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* Instrumentation and RCU
@ 2020-03-09 17:02 Thomas Gleixner
  2020-03-09 18:15 ` Steven Rostedt
                   ` (3 more replies)
  0 siblings, 4 replies; 44+ messages in thread
From: Thomas Gleixner @ 2020-03-09 17:02 UTC (permalink / raw)
  To: LKML
  Cc: Peter Zijlstra, Steven Rostedt, Masami Hiramatsu,
	Alexei Starovoitov, Mathieu Desnoyers, Paul E. McKenney,
	Joel Fernandes, Frederic Weisbecker


I'm starting a new conversation because there are about 20 different
threads which look at that problem in various ways and the information
is so scattered that creating a coherent picture is pretty much

There are several problems to solve:

   1) Fragile low level entry code

   2) Breakpoint utilization

   3) RCU idle

   4) Callchain protection

#1 Fragile low level entry code

   While I understand the desire of instrumentation to observe
   everything we really have to ask the question whether it is worth the
   trouble especially with entry trainwrecks like x86, PTI and other
   horrors in that area.

   I don't think so and we really should just bite the bullet and forbid
   any instrumentation in that code unless it is explicitly designed
   for that case, makes sense and has a real value from an observation

   This is very much related to #3..

#2) Breakpoint utilization

    As recent findings have shown, breakpoint utilization needs to be
    extremly careful about not creating infinite breakpoint recursions.

    I think that's pretty much obvious, but falls into the overall
    question of how to protect callchains.

#3) RCU idle

    Being able to trace code inside RCU idle sections is very similar to
    the question raised in #1.

    Assume all of the instrumentation would be doing conditional RCU
    schemes, i.e.:

    if (rcuidle)

    before invoking the actual instrumentation functions and of course
    undoing that right after it, that really begs the question whether
    it's worth it.

    Especially constructs like:

       idx = srcu_read_lock()

    if (user_mode)

    are really more than questionable. For 99.9999% of instrumentation
    users it's absolutely irrelevant whether this traces the interrupt
    disabled time of user_exit_irqsoff() or rcu_irq_enter() or not.

    But what's relevant is the tracer overhead which is e.g. inflicted
    with todays trace_hardirqs_off/on() implementation because that
    unconditionally uses the rcuidle variant with the scru/rcu_irq dance
    around every tracepoint.

    Even if the tracepoint sits in the ASM code it just covers about ~20
    low level ASM instructions more. The tracer invocation, which is
    even done twice when coming from user space on x86 (the second call
    is optimized in the tracer C-code), costs definitely way more
    cycles. When you take the scru/rcu_irq dance into account it's a
    complete disaster performance wise.

#4 Protecting call chains

   Our current approach of annotating functions with notrace/noprobe is
   pretty much broken.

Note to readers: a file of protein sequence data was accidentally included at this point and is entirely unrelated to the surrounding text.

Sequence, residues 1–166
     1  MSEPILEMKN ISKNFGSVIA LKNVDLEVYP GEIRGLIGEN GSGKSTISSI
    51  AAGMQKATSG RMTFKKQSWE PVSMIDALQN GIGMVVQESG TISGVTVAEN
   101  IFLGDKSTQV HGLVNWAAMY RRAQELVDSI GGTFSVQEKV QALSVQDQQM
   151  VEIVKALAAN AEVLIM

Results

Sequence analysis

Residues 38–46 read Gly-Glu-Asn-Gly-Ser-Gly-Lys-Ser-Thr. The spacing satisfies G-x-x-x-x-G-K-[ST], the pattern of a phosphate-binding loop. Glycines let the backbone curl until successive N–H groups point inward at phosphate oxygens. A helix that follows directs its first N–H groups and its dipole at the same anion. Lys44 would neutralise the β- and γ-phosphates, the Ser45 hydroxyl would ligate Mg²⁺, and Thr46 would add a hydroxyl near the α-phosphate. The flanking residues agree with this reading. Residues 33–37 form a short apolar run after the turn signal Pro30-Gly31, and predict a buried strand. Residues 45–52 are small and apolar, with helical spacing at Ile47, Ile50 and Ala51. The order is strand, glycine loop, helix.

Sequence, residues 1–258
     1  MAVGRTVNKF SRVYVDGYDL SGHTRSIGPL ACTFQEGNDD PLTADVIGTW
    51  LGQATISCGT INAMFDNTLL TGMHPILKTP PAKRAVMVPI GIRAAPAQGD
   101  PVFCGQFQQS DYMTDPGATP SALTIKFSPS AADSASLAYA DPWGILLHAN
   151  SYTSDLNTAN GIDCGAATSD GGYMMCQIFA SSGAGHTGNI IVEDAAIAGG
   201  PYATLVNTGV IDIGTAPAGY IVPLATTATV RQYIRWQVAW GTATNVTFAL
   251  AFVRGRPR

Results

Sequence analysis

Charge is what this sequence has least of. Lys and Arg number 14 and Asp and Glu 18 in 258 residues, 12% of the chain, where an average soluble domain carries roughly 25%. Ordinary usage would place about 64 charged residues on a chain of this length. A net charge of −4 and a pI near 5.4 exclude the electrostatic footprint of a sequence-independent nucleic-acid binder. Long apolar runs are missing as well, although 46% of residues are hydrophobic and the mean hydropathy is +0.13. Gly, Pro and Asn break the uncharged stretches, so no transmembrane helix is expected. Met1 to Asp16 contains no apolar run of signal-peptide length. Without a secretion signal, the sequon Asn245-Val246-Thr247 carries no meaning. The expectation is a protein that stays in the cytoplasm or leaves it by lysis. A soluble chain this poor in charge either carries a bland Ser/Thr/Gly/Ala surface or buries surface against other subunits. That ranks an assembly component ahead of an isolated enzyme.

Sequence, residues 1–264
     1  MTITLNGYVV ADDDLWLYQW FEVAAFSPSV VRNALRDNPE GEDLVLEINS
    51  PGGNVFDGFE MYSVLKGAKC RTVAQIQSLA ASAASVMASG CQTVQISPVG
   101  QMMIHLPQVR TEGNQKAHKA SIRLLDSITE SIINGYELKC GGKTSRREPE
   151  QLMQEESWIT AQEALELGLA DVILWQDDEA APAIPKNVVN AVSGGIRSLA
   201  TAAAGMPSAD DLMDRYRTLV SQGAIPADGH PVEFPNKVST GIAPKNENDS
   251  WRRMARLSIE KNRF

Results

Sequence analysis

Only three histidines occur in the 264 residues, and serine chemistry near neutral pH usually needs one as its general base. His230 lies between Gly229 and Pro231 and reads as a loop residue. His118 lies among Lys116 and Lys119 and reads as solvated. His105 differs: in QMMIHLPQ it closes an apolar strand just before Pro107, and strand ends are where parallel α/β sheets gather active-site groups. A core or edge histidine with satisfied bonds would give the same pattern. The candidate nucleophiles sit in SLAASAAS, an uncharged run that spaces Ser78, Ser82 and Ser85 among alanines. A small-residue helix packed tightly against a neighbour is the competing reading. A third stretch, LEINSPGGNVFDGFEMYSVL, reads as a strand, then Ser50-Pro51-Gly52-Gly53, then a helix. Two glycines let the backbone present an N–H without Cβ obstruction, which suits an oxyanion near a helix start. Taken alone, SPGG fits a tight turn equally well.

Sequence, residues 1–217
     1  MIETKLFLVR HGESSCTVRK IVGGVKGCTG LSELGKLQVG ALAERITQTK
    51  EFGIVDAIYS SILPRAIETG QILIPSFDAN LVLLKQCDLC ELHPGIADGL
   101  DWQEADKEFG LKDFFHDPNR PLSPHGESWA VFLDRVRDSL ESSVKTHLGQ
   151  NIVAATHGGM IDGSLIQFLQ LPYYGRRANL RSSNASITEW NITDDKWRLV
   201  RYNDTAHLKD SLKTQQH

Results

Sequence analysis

Functions which are marked NOPROBE or notrace call out into functions
   which are not marked and while this might be ok, there are enough
   places where it is not. But we have no way to verify that.

   That's just a recipe for disaster. We really cannot request from
   sysadmins who want to use instrumentation to stare at the code first
   whether they can place/enable an instrumentation point somewhere.
   That'd be just a bad joke.

   I really think we need to have proper text sections which are off
   limit for any form of instrumentation and have tooling to analyze the
   calls into other sections. These calls need to be annotated as safe
   and intentional.





^ permalink raw reply	[flat|nested] 44+ messages in thread

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Thread overview: 44+ messages (download: mbox.gz / follow: Atom feed)
-- links below jump to the message on this page --
2020-03-09 17:02 Instrumentation and RCU Thomas Gleixner
2020-03-09 18:15 ` Steven Rostedt
2020-03-09 18:42   ` Joel Fernandes
2020-03-09 19:07     ` Steven Rostedt
2020-03-09 19:20       ` Mathieu Desnoyers
2020-03-16 15:02       ` Joel Fernandes
2020-03-09 18:59   ` Thomas Gleixner
2020-03-10  8:09     ` Masami Hiramatsu
2020-03-10 11:43       ` Thomas Gleixner
2020-03-10 15:31         ` Mathieu Desnoyers
2020-03-10 15:46           ` Steven Rostedt
2020-03-10 16:21             ` Mathieu Desnoyers
2020-03-11  0:18               ` Masami Hiramatsu
2020-03-11  0:37                 ` Mathieu Desnoyers
2020-03-11  7:48                   ` Masami Hiramatsu
2020-03-10 16:06         ` Masami Hiramatsu
2020-03-12 13:53         ` Peter Zijlstra
2020-03-10 15:24       ` Mathieu Desnoyers
2020-03-10 17:05       ` Daniel Thompson
2020-03-09 18:37 ` Mathieu Desnoyers
2020-03-09 18:44   ` Steven Rostedt
2020-03-09 18:52     ` Mathieu Desnoyers
2020-03-09 19:09       ` Steven Rostedt
2020-03-09 19:25         ` Mathieu Desnoyers
2020-03-09 19:52   ` Thomas Gleixner
2020-03-10 15:03     ` Mathieu Desnoyers
2020-03-10 16:48       ` Thomas Gleixner
2020-03-10 17:40         ` Mathieu Desnoyers
2020-03-10 18:31           ` Thomas Gleixner
2020-03-10 18:37             ` Mathieu Desnoyers
2020-03-10  1:40   ` Alexei Starovoitov
2020-03-10  8:02     ` Thomas Gleixner
2020-03-10 16:54     ` Paul E. McKenney
2020-03-17 17:56     ` Joel Fernandes
2020-03-09 20:18 ` Peter Zijlstra
2020-03-09 20:47 ` Paul E. McKenney
2020-03-09 20:58   ` Steven Rostedt
2020-03-09 21:25     ` Paul E. McKenney
2020-03-09 23:52   ` Frederic Weisbecker
2020-03-10  2:26     ` Paul E. McKenney
2020-03-10 15:13   ` Mathieu Desnoyers
2020-03-10 16:49     ` Paul E. McKenney
2020-03-10 17:22       ` Mathieu Desnoyers
2020-03-10 17:26         ` Paul E. McKenney

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